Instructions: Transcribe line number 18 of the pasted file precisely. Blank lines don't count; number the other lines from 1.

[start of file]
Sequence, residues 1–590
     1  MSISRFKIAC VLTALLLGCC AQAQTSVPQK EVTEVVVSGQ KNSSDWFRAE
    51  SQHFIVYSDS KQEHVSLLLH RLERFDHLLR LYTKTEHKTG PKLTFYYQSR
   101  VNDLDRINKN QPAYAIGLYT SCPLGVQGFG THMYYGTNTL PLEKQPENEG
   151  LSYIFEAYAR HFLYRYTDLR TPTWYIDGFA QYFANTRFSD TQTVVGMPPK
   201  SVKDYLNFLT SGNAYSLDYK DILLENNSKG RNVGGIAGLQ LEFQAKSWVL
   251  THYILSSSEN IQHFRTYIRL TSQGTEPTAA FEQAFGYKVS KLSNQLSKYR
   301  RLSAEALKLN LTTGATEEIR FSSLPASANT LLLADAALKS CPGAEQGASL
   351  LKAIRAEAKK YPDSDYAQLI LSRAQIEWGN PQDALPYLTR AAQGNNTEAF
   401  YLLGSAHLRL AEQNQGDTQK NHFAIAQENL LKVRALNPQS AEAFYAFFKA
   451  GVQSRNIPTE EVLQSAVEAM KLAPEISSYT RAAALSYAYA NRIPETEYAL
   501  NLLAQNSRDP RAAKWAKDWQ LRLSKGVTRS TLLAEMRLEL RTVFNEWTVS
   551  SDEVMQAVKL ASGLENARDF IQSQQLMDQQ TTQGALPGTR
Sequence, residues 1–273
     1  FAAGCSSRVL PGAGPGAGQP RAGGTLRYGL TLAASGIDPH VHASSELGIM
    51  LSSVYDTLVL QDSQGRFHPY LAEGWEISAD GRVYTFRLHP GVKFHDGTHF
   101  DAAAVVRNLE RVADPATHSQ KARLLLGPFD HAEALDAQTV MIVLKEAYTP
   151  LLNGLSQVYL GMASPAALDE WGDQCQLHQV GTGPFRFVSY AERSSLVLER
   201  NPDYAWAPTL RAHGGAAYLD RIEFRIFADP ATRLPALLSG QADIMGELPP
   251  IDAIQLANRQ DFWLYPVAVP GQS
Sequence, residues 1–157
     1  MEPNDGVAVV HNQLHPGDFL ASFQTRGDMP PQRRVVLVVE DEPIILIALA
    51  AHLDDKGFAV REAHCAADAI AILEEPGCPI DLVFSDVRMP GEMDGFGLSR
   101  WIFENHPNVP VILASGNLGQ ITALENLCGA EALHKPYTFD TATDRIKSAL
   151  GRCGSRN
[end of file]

   151  LLNGLSQVYL GMASPAALDE WGDQCQLHQV GTGPFRFVSY AERSSLVLER